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Can Dogs Eat Ice Cream?

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Balmy summer temperatures and long, sunny days make craving a cool lick of ice cream a common experience. This yummy frozen treat is probably one of your favorites, but can our dogs eat ice cream too?

The answer is yes and no.

“Many dogs can safely eat a little bit of ice cream every now and then,” says Jennifer Coates, DVM and veterinary advisor for askPETMD. “If you let your dog clean up your ice cream bowl when you’re done and his GI tract continues to function normally, you’re probably fine.”

And while some ice cream vendors offer dog-friendly sizes that come in cups or with cones, Coates says that the indulgence shouldn’t be an every-day treat. The biggest concerns most vets have about dogs eating ice cream? Problems with lactose intolerance, food allergies and obesity.

Ice Cream and Lactose Intolerance in Dogs

Yes, like humans, dogs can be lactose intolerant too. Lactose intolerance develops because some adult animals produce very little of the enzyme lactase, which breaks down lactose (the sugar found in milk). When excess lactose reaches the large intestine, it draws in water causing diarrhea, and the bacteria there can use lactose as an energy source producing a lot of gas as a byproduct. Signs of lactose intolerance in dogs include gas, diarrhea, mucus in the stool, abdominal pain and sometimes vomiting

Food Allergies and Ice Cream

Dairy products are a main contributor to food allergies in dogs. In one study, an allergy to dairy products was identified in 55 out of 278 (or 20 percent) affected dogs, making dairy the second most allergenic food type, coming in behind beef at 95 out of 278 (or 34 percent). Dogs with food allergies typically have non-seasonal itchiness and recurrent skin and/or ear infections.

Concerns About Obesity

Just like it is for people, ice cream is relatively high in calories, fat and sugar and ultimately doesn’t have much nutritional value for dogs.

“Obesity is one of the leading diseases in pets that we see,” says Andrea Sanchez, DVM, senior manager operations support at Portland, Ore.-based Banfield Pet Hospital. “We don’t know if pets get addicted to sweets the way we’ve been able to prove in humans. Pets are prone to diabetes as we are. Too many sweets can lead to not only obesity, but diabetes in cats and dogs.”

Can Dogs Benefit from Eating Ice Cream?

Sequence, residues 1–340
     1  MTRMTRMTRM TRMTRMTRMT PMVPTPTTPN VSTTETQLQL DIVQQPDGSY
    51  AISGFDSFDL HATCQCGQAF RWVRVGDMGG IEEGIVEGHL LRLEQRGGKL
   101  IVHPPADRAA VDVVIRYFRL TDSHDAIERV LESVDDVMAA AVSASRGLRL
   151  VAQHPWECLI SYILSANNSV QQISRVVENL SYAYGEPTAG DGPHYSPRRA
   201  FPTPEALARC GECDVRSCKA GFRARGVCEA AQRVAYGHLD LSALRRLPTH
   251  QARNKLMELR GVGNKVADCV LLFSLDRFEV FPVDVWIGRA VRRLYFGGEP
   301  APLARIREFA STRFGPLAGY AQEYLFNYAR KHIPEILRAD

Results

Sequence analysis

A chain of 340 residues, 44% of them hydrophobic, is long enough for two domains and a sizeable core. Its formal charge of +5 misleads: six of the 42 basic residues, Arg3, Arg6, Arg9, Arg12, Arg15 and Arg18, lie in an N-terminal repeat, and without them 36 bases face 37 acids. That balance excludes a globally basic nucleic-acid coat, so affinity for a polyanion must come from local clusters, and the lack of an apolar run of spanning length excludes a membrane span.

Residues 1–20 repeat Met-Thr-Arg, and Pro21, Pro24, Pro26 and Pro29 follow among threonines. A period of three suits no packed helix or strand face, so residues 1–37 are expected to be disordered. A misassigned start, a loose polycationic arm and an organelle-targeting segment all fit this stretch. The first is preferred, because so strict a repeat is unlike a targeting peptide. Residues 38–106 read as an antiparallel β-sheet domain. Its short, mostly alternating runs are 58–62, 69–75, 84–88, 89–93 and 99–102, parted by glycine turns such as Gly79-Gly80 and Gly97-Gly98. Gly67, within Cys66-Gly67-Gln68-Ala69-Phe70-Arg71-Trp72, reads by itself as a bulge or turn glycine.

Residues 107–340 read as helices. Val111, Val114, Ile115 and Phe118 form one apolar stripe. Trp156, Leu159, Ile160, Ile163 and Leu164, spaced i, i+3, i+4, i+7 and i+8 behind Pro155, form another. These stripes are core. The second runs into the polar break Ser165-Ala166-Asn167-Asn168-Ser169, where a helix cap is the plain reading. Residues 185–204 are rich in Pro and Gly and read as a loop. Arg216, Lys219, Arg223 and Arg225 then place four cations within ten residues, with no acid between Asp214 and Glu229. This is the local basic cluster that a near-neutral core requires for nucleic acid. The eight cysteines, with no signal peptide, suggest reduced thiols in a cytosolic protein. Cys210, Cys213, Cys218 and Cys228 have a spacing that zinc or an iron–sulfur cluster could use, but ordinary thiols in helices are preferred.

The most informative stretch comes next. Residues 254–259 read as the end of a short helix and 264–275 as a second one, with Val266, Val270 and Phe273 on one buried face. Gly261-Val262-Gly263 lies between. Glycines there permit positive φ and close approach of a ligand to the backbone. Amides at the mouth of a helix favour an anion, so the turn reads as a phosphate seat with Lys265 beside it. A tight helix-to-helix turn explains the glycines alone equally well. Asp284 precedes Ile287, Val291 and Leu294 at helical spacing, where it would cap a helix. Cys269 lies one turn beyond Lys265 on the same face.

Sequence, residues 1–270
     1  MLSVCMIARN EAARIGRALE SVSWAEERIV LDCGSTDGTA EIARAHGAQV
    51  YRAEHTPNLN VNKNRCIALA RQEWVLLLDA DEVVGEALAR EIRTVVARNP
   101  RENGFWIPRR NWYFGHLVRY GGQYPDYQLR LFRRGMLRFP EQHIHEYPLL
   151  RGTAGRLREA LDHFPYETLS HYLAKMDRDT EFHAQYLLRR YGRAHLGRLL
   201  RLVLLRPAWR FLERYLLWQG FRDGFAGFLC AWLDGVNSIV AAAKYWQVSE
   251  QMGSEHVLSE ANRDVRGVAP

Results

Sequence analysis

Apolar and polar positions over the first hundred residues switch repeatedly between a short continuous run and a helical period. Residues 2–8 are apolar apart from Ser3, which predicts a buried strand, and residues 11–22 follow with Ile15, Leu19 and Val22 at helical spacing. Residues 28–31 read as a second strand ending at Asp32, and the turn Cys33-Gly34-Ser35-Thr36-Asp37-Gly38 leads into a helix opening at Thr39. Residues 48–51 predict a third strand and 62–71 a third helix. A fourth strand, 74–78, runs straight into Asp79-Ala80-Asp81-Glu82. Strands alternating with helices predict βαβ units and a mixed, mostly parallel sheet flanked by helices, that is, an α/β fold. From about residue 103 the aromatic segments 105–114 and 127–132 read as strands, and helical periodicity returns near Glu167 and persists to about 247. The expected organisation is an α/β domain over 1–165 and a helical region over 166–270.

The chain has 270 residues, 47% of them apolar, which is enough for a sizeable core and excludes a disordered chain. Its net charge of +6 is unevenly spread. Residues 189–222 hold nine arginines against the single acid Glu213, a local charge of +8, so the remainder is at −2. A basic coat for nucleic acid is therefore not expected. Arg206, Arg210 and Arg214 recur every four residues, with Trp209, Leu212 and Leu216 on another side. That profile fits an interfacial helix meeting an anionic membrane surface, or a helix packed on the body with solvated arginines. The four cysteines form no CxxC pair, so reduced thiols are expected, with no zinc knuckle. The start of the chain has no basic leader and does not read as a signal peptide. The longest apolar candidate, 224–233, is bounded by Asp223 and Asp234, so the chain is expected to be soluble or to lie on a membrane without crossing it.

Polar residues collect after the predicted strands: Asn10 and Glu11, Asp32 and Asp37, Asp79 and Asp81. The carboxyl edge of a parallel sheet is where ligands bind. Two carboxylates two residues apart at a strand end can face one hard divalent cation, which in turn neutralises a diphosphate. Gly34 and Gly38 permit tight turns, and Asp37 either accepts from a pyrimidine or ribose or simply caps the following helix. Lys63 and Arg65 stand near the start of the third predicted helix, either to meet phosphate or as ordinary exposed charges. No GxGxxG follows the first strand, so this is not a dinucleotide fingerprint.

There aren’t really any nutritional benefits of eating ice cream, but it can be a fun way for owners to share an experience with their pets.

Sanchez says the only time she would recommend treats like ice cream is as part of a behavioral reinforcement training program. If you’re having trouble getting your dog to perform a certain action, let’s say, come when called, you might want to use a treat they’ll really love—like ice cream—to reinforce that action.

Types of Ice Cream Dogs Should Avoid

Any flavor that contains raisins should be avoided since raisins are toxic to dogs. In addition, ice creams that are labeled sugar-free could contain the artificial sweetener xylitol, which is also poisonous to dogs.

“Xylitol can cause liver disease and liver damage, life threatening and immediate sometimes,” says Sanchez. “We also know it can cause glucose spikes that … can lead to severe hypoglycemia.”

Ice cream containing lots of macadamia nuts should also probably be skipped over, since dogs can develop weakness, depression, vomiting, tremors and hyperthermia after eating them. And while chocolate has a well-deserved reputation of making dogs very sick, “the amount of chocolate in a few licks of ice cream won’t do any harm,” Coates says.

Other Sweet Options for Dogs to Enjoy

In place of ice cream, you can try feeding your dog frozen fruit in small quantities. Frozen bananas or blueberries are healthy snack options for dogs and provide a cool, frozen fix. Just make sure to avoid grapes and raisins of any kind, as they’re toxic to dogs.

Sanchez also recommends serving up some canned, plain pumpkin since it’s high in fiber, and it tastes sweet to most dogs.

In addition, dairy-free “ice cream” options that are specifically formulated for dogs can be found at most pet stores and provide a dog-safe summer treat.


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Teresa K. Traverse is a Phoenix-based writer, editor, traveler and dog mom to Chihuahuas Autumn and Rocket.